From ELIZA, created in 1964 at MIT, to popular modern tools like Siri, Alexa, and Cortana, the experience of holding conversations with chatbots has changed little. While new AI chatbots are more flexible than Eliza, interactions still feel stilted, and responses canned.
This is now changing. AI-powered ChatGPT and other large language models enjoy the capacity to hold genuine bidirectional conversations, keeping track of context over time and even probing the user for elaboration. A new age of “conversational computing” is emerging. In the near future, we will all be talking to our computers, and our computers will be talking back — intelligently.
The new technology creates new risks of disinformation and manipulation. Regulators must address Conversational AI systems that will soon be deployed at scale to pursue targeted influence objectives. Conversational AI is personalized, interactive, and adapted to individual users. By accessing stored profile data and probing the user for additional information, the AI system can adjust in real-time to maximize its persuasive impact on individually targeted users. Call it the AI Manipulation Problem.
Although the AI Manipulation Problem may sound like an abstract series of computational steps, it follows a familiar scenario. When a human salesperson wants to influence a customer, he doesn’t hand over a document with a fixed set of arguments. The salesperson engages the customer in real-time conversation, adjusting his tactics when confronted by resistance or hesitation. Thanks to this interactive process of probing and adjusting, the salesperson persuades.
That is because conversational AI systems will enjoy unfair advantages. Their software could access personal data about the target’s interests, values, personality, and background. It could craft a friendly dialogue designed to draw the user into conversation. Once engaged, the AI system can push, eliciting responses that reveal sentiments and sensibilities.
In the wrong hands, this ability could be dangerous. Conversational AI systems could be deployed to influence through custom-crafted dialogue or individual users. They could adjust their arguments in real-time to counter any resistance or hesitation expressed by the user, continuously adapting their tactics for maximized impact. The AI system could learn in real-time whether a target user is more easily swayed by factual data, emotional appeals, or playing on a user’s insecurities. If allowed to store a record of prior interactions, it could develop “persuasion profiles” on a user-by-user basis.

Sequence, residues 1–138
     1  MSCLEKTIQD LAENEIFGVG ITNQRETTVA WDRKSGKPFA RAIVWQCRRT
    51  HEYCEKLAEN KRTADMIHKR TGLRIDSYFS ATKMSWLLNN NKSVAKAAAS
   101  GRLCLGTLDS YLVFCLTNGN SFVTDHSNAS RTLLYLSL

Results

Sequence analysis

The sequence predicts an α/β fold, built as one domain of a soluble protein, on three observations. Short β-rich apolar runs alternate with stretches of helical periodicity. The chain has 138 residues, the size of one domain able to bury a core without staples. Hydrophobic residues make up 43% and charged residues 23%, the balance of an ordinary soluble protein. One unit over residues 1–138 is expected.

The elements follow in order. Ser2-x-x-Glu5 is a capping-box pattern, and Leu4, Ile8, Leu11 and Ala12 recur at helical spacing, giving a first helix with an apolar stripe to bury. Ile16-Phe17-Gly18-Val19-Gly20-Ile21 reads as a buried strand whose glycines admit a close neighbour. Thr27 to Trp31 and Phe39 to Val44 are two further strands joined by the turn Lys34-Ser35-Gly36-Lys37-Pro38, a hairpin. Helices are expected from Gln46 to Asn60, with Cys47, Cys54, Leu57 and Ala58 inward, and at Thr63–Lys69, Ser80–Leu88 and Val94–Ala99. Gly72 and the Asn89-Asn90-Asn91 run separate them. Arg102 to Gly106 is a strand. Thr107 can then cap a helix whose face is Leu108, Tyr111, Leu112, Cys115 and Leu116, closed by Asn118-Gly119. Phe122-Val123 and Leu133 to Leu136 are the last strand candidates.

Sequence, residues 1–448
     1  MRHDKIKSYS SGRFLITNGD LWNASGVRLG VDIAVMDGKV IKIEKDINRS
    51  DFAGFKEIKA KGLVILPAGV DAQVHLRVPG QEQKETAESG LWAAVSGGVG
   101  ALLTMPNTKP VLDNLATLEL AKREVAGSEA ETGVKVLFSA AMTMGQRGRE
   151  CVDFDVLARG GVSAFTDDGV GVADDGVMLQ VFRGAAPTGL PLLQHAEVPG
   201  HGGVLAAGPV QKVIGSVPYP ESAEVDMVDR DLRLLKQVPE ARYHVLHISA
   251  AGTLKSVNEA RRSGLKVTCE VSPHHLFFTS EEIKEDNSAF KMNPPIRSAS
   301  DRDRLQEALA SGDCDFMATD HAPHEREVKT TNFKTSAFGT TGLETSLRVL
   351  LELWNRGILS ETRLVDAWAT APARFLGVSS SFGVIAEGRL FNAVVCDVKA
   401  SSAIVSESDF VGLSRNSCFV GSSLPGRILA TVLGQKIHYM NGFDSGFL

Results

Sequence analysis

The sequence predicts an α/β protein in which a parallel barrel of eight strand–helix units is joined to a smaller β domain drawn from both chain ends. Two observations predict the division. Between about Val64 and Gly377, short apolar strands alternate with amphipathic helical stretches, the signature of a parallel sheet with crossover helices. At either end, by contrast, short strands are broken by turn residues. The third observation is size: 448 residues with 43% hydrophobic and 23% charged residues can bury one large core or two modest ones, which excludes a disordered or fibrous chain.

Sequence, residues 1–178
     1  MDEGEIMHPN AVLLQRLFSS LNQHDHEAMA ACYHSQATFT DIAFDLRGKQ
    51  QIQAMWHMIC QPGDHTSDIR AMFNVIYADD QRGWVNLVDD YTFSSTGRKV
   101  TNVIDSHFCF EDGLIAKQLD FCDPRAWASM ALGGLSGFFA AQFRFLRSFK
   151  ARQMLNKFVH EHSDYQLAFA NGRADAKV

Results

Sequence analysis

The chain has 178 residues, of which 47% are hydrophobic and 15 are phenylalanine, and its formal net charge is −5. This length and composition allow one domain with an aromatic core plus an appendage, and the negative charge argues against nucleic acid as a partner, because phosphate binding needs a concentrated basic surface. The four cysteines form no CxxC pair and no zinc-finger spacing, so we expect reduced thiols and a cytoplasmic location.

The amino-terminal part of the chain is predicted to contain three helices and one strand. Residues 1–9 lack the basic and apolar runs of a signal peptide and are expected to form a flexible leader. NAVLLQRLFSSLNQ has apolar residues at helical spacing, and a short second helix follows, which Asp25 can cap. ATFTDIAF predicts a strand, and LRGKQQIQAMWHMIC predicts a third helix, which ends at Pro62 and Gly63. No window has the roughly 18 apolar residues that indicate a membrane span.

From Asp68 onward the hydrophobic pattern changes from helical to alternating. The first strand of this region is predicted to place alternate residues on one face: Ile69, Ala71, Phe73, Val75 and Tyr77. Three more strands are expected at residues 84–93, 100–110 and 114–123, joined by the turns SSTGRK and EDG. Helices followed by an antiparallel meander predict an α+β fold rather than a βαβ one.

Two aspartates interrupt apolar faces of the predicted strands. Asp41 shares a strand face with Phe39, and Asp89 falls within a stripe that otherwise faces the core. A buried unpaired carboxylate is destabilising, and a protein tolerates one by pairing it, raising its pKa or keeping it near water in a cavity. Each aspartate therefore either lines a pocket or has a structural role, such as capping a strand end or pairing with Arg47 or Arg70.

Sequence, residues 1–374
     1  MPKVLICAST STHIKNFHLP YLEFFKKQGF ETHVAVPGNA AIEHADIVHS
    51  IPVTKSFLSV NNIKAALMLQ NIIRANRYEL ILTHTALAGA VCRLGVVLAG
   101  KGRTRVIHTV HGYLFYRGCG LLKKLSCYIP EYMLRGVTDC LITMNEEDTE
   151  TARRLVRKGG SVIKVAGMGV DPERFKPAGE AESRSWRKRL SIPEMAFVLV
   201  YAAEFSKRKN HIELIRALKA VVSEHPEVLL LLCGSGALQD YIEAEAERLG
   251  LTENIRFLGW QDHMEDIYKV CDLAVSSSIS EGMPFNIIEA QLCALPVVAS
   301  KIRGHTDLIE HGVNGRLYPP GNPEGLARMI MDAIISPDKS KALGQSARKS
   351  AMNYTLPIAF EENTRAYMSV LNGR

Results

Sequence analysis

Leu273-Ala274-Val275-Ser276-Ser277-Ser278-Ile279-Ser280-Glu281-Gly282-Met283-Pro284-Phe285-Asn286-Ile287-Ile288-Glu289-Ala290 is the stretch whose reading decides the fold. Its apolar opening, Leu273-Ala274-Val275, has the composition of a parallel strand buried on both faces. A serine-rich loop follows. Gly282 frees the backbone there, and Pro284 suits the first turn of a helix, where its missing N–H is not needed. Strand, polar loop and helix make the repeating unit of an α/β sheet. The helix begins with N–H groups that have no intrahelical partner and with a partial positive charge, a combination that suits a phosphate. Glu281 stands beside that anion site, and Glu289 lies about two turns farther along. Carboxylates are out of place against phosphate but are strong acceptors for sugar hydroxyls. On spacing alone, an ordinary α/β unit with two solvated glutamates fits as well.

Within years, computers will become better and better at manipulating individual users, learning how to draw them into conversations, guide them to accept new ideas, convince them to buy things they don’t need, believe things that are untrue, or even support extreme ideologies that they’d normally reject. This ability creates unique risks.
Unfortunately, regulators are so far overlooking these risks. Europe’s pathbreaking AI Act only addresses some of these issues peripherally, for example, by limiting real-time biometric sensing. But there is no direct mention of “Conversational AI” or its unique challenges.
That’s a mistake. Admittedly, it’s difficult to regulate such a fast-moving and developing technology. At a minimum, regulators should ban AI systems from using real-time human feedback for persuasive purposes, barring them from using verbal and emotional reactions to target users. It’s crucial that we understand the real risks and implement guardrails.
Louis Rosenberg is a pioneer in the fields of augmented reality, virtual reality, and artificial intelligence. He earned his Ph.D. from Stanford, has been awarded over 300 patents for VR, AR, and AI technologies, and founded a number of successful companies, including Unanimous AI, Immersion Corporation, Microscribe, and Outland Research.
Bandwidth is CEPA’s online journal dedicated to advancing transatlantic cooperation on tech policy. All opinions are those of the author and do not necessarily represent the position or views of the institutions they represent or the Center for European Policy Analysis.